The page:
China sentences 55 in mass trial at Xinjiang stadium
BEIJING // In a stadium filled with 7,000 people, a court in China’s restive Xinjiang convicted 55 people of terrorism, separatism and murder.
It was a show of force as the government seeks to display its determination to combat unrest in mainly Muslim Xinjiang following last week’s attack at a vegetable market in Urumqi that killed 43 people.
At least one convict received a death sentence at Tuesday’s sentencing in Yili, in northern Xinjiang near the Kazakhstan border, according to the official Xinhua News Agency.
It said the audience in the stadium was made up of local residents and officials.
The report gave few details about the cases, but defendants whose names were reported all appeared to be Uighurs, members of the region’s biggest Muslim ethnic minority group.
On Tuesday, authorities said police in southwestern Xinjiang foiled a bomb plot and arrested five people.
According to the government, more than 200 people have been detained this month in Xinjiang and 23 extremist groups broken up. No details about them were released.
The government says unrest among Uighurs is caused by extremist groups with ties to Islamic terror groups abroad, but experts say they see little evidence of that.
Among Tuesday’s cases, three defendants were convicted of using unspecified “extremely cruel methods” to kill four people, including a 3-year-old girl, in the city of Yining on April 20, 2013, according to Xinhua.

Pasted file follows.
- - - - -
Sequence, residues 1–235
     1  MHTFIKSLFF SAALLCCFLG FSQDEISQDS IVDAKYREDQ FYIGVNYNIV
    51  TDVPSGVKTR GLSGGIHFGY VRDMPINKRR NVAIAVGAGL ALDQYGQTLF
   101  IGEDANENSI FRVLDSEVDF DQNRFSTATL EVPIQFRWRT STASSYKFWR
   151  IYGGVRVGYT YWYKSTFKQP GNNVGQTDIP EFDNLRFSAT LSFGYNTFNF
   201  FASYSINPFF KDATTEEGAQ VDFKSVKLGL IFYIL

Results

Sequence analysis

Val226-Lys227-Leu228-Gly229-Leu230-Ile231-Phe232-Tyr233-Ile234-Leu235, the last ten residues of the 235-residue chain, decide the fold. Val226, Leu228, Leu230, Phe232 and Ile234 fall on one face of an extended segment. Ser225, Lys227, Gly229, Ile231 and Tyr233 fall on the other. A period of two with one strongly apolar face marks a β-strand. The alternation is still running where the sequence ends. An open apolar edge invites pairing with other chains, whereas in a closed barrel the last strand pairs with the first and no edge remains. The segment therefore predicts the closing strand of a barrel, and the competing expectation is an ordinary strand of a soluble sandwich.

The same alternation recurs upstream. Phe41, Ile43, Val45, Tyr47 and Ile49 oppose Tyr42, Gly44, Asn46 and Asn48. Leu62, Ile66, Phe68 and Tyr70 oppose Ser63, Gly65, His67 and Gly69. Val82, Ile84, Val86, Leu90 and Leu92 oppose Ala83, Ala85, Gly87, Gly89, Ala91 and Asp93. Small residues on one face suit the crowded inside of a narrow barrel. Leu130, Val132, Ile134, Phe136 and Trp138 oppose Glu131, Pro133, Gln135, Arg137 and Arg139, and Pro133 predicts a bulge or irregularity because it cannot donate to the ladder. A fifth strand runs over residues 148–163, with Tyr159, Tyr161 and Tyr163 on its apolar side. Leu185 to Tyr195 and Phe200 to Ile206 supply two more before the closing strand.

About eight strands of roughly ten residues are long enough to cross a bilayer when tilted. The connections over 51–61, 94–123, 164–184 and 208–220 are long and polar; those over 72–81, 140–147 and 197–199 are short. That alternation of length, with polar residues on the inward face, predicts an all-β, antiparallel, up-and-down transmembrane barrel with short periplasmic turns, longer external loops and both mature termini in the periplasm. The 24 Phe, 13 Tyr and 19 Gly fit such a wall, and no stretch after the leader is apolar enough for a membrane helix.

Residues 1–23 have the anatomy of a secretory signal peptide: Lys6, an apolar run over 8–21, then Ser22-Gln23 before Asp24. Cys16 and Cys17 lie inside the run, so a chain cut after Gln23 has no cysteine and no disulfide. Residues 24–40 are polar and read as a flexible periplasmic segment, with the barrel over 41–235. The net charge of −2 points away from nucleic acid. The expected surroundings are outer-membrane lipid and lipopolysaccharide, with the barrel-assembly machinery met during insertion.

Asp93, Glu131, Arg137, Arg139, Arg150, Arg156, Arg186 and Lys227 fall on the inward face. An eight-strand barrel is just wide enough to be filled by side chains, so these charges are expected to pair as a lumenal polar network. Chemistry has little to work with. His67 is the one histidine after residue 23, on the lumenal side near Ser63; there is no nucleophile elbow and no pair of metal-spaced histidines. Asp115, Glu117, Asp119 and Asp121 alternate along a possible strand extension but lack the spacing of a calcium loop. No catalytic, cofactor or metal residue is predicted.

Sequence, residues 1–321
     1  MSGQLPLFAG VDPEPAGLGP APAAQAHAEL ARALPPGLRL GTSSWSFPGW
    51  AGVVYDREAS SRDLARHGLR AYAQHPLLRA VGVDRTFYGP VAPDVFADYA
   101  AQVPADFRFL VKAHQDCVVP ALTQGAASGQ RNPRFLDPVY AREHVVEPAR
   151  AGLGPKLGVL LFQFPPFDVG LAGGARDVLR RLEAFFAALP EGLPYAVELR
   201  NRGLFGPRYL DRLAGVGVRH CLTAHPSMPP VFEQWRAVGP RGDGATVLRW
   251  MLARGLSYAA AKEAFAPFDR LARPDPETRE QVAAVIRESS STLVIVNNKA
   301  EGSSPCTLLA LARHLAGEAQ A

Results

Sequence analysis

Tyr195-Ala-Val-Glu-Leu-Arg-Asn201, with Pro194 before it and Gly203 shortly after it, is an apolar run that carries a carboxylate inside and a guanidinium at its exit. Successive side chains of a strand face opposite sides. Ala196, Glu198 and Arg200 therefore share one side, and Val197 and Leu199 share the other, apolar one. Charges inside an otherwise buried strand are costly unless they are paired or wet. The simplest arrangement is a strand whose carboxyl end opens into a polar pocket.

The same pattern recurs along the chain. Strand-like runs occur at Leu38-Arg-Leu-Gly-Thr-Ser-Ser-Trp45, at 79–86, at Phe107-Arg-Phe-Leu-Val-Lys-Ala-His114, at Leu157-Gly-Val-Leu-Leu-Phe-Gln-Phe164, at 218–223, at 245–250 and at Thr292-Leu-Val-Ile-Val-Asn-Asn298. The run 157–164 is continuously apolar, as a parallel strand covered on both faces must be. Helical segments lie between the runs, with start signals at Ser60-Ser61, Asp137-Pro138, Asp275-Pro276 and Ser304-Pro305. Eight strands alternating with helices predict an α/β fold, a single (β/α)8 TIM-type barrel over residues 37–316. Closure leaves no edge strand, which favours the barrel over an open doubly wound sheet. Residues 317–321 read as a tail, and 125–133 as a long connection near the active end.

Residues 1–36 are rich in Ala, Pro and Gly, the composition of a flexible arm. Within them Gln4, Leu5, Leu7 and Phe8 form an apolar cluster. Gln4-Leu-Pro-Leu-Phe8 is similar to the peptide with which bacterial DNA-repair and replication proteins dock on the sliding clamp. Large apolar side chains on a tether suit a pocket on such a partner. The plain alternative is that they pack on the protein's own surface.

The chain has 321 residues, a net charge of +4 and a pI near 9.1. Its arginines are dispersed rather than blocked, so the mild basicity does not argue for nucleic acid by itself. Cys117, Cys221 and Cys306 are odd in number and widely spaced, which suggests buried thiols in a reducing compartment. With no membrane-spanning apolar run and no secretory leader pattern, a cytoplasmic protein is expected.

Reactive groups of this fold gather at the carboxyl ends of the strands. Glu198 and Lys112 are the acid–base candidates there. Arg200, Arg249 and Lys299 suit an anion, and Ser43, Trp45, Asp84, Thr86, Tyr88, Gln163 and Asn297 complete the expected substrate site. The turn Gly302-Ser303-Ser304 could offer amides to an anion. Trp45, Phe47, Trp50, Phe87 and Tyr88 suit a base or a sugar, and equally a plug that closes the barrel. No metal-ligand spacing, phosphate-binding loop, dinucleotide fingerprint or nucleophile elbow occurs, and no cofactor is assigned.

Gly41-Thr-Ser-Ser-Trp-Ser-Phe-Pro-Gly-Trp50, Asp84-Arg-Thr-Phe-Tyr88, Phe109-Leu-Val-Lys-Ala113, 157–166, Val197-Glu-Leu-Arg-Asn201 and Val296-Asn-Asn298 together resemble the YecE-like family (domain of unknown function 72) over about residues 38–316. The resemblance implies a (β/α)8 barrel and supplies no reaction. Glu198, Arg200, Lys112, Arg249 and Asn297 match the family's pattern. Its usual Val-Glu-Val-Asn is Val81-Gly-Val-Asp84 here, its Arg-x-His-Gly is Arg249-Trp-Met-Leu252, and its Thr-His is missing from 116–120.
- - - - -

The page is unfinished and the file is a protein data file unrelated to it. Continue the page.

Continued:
Officials of the Yili branch of the Xinjiang High Court also announced the arrests and detentions of an additional 65 people for offences including separatism, covering up crimes and rape, said the news agency.
Photos showed armed officers guarding the premises, and the accused crammed into backs of lorries wearing orange vests and bent forward to face the ground as helmeted security forces stood over them.
The event was intended to demonstrate China’s “resolute determination [to] crack down on the ‘three forces’ of violent terrorism”, Yili’s deputy party chief was cited as saying, referring to separatism, extremism and terrorism.
“The guilty will not escape,” he said.
China used mass trials in the 1980s and 90s to try to combat the rise in crime driven by the social upheavals that accompanied the country’s dramatic economic overhaul, but the practice later faded.
* Associated Press, with additional reporting from Agence France-Presse
Published: May 28, 2014 04:00 AM